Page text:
Education Law

Judge nixes Title IX suit against Columbia U over 'Mattress Performance' linked to dorm-rape claim

Columbia University

Columbia University. Image from Shutterstock.

He said the sex was consensual. She said she was the victim of a 2012 dormitory rape, when a consensual encounter changed into a forced sex act as he ignored her repeated “no.”

Columbia University cleared him in a confidential proceeding, as it did in two other complaints brought by students, the New York Times (reg. req.) and Slate reported.

But that was far from the end of it, until a lawsuit came to at least a temporary halt Friday.

Paul Nungesser sued Columbia for alleged gender discrimination under Title IX, after the university OK’d a “Mattress Performance (Carry That Weight)” senior thesis art project in which Emma Sulkowicz publicly toted a 50-pound mattress everywhere she went around campus, including to her 2015 graduation. The protest by the visual arts student of the way Columbia had handled her complaint made national headlines and, although she didn’t name Nungesser, his identity soon became obvious, the Washington Post (sub. req.) reported.

Now a federal judge has nixed the suit, saying in a written opinion that “Nungesser not only fails to plead facts giving rise to a plausible inference that Sulkowicz’s actions were motivated by his gender, he fails to allege harassing conduct that is sexual in nature such that it states a Title IX claim,” the Columbia Daily Spectator reports.

However, Judge Gregory Woods did say Nungesser could replead his complaint in the Manhattan case, according to Newsweek and Reuters.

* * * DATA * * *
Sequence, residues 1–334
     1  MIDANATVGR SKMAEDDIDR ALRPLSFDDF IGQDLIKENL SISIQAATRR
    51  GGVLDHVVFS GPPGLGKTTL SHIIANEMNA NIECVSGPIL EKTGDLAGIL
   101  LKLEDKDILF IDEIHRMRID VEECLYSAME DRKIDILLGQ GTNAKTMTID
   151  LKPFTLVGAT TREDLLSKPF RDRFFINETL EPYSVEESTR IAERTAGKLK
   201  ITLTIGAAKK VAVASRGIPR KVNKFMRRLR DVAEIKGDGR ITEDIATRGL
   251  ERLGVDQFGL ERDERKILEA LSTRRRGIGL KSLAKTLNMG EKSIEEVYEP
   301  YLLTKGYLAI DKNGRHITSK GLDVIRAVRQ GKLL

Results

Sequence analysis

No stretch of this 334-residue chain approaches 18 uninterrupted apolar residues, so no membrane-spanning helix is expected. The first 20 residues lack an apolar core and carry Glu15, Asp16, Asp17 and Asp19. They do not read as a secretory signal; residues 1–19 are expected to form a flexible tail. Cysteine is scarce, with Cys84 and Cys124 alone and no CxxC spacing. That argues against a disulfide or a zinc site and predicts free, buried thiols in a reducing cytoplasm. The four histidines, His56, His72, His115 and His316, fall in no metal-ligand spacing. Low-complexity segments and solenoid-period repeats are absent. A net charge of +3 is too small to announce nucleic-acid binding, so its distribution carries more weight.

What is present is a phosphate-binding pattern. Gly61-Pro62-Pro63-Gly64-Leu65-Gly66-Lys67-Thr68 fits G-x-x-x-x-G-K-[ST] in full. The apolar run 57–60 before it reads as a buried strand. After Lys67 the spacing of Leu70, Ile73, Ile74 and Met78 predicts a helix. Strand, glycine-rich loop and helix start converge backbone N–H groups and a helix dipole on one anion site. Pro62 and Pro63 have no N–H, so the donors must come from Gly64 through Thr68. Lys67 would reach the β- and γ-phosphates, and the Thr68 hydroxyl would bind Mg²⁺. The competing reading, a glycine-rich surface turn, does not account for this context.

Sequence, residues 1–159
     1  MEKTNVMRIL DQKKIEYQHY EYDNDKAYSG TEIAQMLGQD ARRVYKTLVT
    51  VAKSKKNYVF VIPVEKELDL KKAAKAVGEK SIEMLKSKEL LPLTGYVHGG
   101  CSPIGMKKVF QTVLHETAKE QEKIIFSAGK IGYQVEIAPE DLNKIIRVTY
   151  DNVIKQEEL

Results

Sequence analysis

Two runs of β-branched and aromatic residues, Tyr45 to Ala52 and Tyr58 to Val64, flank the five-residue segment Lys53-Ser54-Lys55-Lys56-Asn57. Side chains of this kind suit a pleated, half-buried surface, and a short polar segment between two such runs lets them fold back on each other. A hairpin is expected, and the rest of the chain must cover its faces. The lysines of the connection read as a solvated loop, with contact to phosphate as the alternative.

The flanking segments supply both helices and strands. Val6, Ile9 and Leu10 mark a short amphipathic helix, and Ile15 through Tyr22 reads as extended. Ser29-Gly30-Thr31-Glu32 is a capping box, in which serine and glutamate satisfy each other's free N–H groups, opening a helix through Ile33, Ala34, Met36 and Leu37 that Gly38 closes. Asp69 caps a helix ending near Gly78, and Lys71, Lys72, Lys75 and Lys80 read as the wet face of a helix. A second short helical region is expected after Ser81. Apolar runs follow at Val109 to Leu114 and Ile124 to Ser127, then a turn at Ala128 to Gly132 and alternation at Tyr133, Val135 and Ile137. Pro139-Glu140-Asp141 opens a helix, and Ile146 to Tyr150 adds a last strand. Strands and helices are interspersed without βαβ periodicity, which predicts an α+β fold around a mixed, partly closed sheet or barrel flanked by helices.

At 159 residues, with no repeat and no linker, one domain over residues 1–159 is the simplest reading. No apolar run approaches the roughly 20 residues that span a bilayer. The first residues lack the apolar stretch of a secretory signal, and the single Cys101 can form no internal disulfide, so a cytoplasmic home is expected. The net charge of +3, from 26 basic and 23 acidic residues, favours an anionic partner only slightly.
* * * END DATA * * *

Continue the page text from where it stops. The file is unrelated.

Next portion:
Nungesser contended the university was complicit in Sulkowicz’ gender-based harassment of him, said his academic experience suffered and that he feared for his safety due to the unwanted attention generated by the art project. After he graduated, he returned to his German homeland to look for work there.

But while enduring the fallout from the art project during his senior year may not have been easy, Title IX was not intended to redress the conduct Nungesser alleged on the part of the university, its president and the professor who oversaw the senior thesis, the judge said.

Title IX “sets a high bar before a private plaintiff may recover and Nungesser has not alleged facts showing that he was effectively deprived of Columbia’s educational opportunities.”

Responding to Friday’s ruling, Columbia said in a written statement that it “brings us closer to the point that this litigation, addressing issues understandably difficult for many, can be concluded,” reports Reuters.

However, there may still be a long road ahead, according to attorney Andrew Miltenberg, who represents Nungesser.

“While we’re disappointed with the judge’s ruling today, we believe that this is a very strong case and we will continue in our pursuit of justice for Mr. Nungesser,” he said in an email to Reuters.

Related coverage:

New York Times (reg. req.): “Have We Learned Anything From the Columbia Rape Case?”

See also: “California enacts new law to combat sexual violence on college campuses”

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